fa[x_,y_]:= If[(y > 0 &&  y < 1 - x^2/4), 1, 0];
area = Integrate[fa[x, y], {x, -∞, ∞}, {y, -∞, ∞}]
-> 8/3
cx = Integrate[ x fa[x,y], {x, -∞, ∞}, {y, -∞, ∞}]/ area
-> 0
cy = Integrate[ y fa[x,y], {x, -∞, ∞}, {y, -∞, ∞}]/area
-> 2/5

This does need a bit of warning, Integrate[] fails for even slightly more complicated expressions, so NIntegrate[] is a bit safer (though it yields a numerical approximation).

• oops worked on that before i saw Danial's note. And it does indeed work with plain Integrate (which surprised me..) Jan 2, 2013 at 17:30
• Thanks, But could u explain what exactly you did ? (I'm new to Mathematica)
– a3f
Jan 2, 2013 at 17:55
• @a3f: What is it you still don't understand? Jan 2, 2013 at 19:17
• The code is a perhaps more transparent if you use the built-in function Boole, which already returns values of 1 (when its argument evalutaes to True and 0 otherwise). Thus: indicator[x_, y_] := Boole[y > 0 && y < 1 - x^2/4] . And then area = Integrate[indicator[x, y], {x, -20, 20}, {y, -20, 20}], cx = Integrate[x indicator[x, y], {x, -20, 20}, {y, -20, 20}]/area, etc. Jan 2, 2013 at 19:20
• As you know bounds on the region, you might as well use them, i.e., integrate just for {x, -2, 2} and {y, 0, 1}. Especially in case you integrate numerically. Jan 2, 2013 at 19:42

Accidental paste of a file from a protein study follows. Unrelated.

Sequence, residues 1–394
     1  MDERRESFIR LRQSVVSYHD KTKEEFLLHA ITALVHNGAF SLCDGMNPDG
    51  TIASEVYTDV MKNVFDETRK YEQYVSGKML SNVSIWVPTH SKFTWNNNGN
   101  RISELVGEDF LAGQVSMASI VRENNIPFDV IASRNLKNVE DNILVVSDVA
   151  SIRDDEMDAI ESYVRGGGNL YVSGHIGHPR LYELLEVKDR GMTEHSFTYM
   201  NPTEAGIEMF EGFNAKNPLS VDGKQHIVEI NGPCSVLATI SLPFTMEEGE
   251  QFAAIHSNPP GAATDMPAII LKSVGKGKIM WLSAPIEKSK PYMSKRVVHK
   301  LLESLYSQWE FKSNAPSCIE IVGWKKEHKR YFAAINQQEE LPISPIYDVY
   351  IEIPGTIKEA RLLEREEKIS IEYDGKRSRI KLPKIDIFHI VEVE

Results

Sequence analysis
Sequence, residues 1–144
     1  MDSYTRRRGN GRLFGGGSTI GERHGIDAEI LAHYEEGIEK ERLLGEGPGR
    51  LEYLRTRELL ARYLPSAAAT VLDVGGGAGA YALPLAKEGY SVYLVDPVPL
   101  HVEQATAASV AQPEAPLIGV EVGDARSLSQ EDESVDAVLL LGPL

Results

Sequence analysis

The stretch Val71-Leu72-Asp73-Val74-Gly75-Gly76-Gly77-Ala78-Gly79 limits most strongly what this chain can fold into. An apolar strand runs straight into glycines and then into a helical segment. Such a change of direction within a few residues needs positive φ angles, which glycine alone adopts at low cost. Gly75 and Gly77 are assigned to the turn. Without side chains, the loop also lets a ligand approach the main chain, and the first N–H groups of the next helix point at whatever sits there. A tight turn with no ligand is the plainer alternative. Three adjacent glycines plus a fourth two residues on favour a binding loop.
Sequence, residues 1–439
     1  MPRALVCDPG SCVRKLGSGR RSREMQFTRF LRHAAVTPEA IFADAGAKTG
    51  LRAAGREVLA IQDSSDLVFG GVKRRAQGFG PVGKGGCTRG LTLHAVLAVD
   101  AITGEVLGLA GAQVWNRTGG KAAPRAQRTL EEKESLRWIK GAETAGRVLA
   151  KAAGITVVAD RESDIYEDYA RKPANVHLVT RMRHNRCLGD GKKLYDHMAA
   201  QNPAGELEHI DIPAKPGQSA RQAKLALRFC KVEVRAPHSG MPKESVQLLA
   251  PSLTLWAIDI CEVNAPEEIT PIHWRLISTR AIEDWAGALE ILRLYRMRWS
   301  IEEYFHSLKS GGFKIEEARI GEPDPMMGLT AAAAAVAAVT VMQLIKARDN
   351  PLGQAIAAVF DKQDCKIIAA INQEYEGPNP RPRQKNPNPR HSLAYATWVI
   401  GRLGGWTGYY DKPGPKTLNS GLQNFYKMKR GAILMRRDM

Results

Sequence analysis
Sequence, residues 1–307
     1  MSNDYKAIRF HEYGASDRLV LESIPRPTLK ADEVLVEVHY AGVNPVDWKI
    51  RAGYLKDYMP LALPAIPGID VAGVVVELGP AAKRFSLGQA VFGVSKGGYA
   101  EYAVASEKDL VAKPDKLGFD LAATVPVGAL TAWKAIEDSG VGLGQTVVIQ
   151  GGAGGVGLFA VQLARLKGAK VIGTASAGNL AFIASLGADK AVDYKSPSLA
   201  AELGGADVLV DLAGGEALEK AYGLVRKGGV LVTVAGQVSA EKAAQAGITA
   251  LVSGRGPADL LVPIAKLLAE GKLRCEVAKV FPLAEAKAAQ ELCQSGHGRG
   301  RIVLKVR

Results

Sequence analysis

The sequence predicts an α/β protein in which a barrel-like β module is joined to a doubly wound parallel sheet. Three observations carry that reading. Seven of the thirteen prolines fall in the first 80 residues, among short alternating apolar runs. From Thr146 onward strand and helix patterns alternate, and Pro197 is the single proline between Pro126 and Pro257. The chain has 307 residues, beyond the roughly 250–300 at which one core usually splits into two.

## Edit: Preface

After being on this site for a few months, I've learned quite a bit about what Mathematica can do quickly. Below I've revised my code to take advantage of built-in vectorized functions. One could compile the functions as well, but the advantages perhaps outweigh the disadvantages. The increase in speed is slight on approximate real numbers (because the number crunching is done in a very few function calls and so is already "mostly compiled" anyway); however, the first function centroid1 is exact on polygons, and a compiled function would not return an exact result on exact input. I added a new one that implements a Simpson's Rule type integration that is exact on figures whose boundary can be parametrized by quadratic polynomials. I also updated the timings, since I have a new machine.

## Revised original method

Originally I had done this for someone who had wanted to find centroids of polygons, for which NIntegrate seemed too slow. I thought it was pretty cool at the time and wanted to share it. I guess it's pretty clear that the simple answer to the original question of @a3f is that there is no built-in centroid function.